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International conference on “Transitional Justice: Addressing the Past, Building the Future”

Published the:  14/04/2011

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April 14, 2011 - TAP - Works of an international conference on "Transitional Justice: Addressing the Past, Building the Future" began on Thursday morning, in Tunis.
The three-day event looked into several issues: how to investigate and prosecute crime perpetrators and infringements related to dictatorship and how to repair material and moral damage suffered by the victims, while honoring state's commitments to international law and world treaties pertaining to Human Rights?
At the opening works of the conference, Education Minister Taieb Baccouche said that Interim Government should take a political decision to ensure establishment of transitional justice, in accordance with the Tunisian society's peculiarities.
To establish transitional justice, he underlined, the political will should be combined with "civil society's will".
The conference is attended by the Presidents of the Arab Human Rights Institute, the International Centre for Transitional Justice (ICTJ) and the Tunisian Human Rights League, as well as representatives of the United Nations High Commissariat for Human Rights, who asserted that Human Rights are a common denominator between experiences of Morocco, South Africa, Romania and Latin America in matters of transitional justice.
Participants placed emphasis on the importance of exchanging ideas and experiences in transitional justice to help the concerned countries prepare a new stage which breaks off for good with dictatorship and oppression.
Mr. Abdelbasset Ben Hassan, President of the Arab Human Rights Institute, stressed that political transition remains insufficient if it does not deal with Human Rights as a basis and a key instrument for "breaking off with revenge and exclusion."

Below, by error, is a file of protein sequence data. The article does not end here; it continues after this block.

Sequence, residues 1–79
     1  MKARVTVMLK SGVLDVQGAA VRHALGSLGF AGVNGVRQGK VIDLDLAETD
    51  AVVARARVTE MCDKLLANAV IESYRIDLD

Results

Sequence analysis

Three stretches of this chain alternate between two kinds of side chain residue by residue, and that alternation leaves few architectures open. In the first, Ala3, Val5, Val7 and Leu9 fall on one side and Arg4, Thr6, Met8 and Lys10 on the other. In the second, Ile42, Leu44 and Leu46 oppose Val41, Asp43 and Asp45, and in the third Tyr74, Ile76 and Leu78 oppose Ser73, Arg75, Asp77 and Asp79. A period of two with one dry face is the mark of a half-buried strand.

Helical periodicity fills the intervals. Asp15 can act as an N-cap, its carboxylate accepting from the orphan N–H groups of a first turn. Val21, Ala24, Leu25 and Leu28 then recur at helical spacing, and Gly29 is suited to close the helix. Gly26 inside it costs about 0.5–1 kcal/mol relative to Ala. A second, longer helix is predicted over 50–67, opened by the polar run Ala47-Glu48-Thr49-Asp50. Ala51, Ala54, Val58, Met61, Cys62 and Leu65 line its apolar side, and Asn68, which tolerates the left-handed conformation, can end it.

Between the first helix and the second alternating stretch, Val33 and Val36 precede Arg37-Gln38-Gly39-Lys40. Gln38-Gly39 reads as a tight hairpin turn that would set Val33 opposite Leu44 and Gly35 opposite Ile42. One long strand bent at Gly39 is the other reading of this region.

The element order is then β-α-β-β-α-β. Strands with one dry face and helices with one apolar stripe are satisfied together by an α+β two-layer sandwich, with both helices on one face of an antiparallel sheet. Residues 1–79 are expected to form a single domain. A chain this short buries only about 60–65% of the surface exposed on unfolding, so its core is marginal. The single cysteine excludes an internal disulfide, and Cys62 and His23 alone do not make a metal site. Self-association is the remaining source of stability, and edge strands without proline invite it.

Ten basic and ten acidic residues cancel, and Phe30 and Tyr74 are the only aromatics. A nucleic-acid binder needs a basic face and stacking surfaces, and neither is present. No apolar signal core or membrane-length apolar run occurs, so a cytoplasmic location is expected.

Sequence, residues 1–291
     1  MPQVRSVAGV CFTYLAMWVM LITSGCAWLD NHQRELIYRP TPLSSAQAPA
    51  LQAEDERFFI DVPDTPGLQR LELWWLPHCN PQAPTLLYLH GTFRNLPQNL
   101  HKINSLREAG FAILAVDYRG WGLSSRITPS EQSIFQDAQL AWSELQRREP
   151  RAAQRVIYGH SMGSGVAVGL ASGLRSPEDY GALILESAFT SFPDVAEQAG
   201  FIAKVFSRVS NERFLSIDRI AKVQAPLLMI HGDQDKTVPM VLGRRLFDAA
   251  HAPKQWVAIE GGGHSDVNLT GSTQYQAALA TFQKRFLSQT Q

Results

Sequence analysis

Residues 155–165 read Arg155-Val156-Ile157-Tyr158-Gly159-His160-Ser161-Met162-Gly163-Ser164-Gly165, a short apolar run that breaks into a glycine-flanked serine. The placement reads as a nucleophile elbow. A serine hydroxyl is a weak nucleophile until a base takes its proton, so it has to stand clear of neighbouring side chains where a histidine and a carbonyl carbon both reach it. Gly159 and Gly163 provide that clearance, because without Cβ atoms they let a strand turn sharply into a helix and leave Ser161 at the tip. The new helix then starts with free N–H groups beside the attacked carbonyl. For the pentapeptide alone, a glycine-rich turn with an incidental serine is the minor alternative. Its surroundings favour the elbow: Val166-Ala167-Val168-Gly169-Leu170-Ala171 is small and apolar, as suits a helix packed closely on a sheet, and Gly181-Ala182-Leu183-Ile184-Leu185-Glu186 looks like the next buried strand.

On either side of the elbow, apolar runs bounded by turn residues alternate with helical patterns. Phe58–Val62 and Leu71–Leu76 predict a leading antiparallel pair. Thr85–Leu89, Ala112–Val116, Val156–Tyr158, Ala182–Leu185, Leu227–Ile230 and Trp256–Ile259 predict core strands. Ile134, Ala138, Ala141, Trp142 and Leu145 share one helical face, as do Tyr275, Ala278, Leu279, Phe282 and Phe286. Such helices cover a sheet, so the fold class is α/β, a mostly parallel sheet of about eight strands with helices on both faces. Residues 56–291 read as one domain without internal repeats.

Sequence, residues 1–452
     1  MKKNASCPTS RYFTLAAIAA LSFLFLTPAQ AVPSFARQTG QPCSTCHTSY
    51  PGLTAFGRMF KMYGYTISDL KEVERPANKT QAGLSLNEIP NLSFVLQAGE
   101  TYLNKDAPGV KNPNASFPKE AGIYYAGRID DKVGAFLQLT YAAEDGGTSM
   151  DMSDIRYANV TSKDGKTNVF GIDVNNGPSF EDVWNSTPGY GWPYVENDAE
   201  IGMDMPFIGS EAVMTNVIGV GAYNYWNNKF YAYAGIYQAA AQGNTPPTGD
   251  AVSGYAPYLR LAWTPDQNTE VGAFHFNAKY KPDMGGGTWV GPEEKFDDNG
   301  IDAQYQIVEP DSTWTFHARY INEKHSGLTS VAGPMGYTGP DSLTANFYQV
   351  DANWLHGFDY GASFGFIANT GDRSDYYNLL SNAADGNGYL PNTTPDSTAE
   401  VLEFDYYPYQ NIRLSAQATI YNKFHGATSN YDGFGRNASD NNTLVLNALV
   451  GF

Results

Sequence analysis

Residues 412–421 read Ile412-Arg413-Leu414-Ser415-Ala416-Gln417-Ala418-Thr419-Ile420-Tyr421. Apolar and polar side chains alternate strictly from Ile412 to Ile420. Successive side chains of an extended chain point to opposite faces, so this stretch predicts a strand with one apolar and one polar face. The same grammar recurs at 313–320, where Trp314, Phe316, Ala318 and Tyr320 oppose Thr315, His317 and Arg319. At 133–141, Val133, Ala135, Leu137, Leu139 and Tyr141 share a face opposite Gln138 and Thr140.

The Institute is to start implementation of a program, in association with the education ministry, aimed to disseminate the culture of human rights in educational institutions.
President of the International Centre for Transitional Justice David Tolbet commended the Tunisian "historic" Revolution whose success will be taken as an example in the whole Arab region.
For Joseph Chakla, representative of the United Nations High Commissariat for Human Rights, transitional justice in Tunisia should be the product of "the local genius," underlining that this historic transition links political will and civil society's.
In turn, Mr. Pablo De Greiff, Director of Research at the International Centre for Transitional Justice, explained that the previous experiences mainly centered on the creation of investigation commissions on extortion, elaboration of compensation program for the victims and carrying out important reforms in the security mechanisms.
African, American, Asian and Arab experts are taking part in this conference which focuses, in particular, on examining issues of transitional justice after dictatorship, judicial instruction, judgments, as well as reform of the security sector.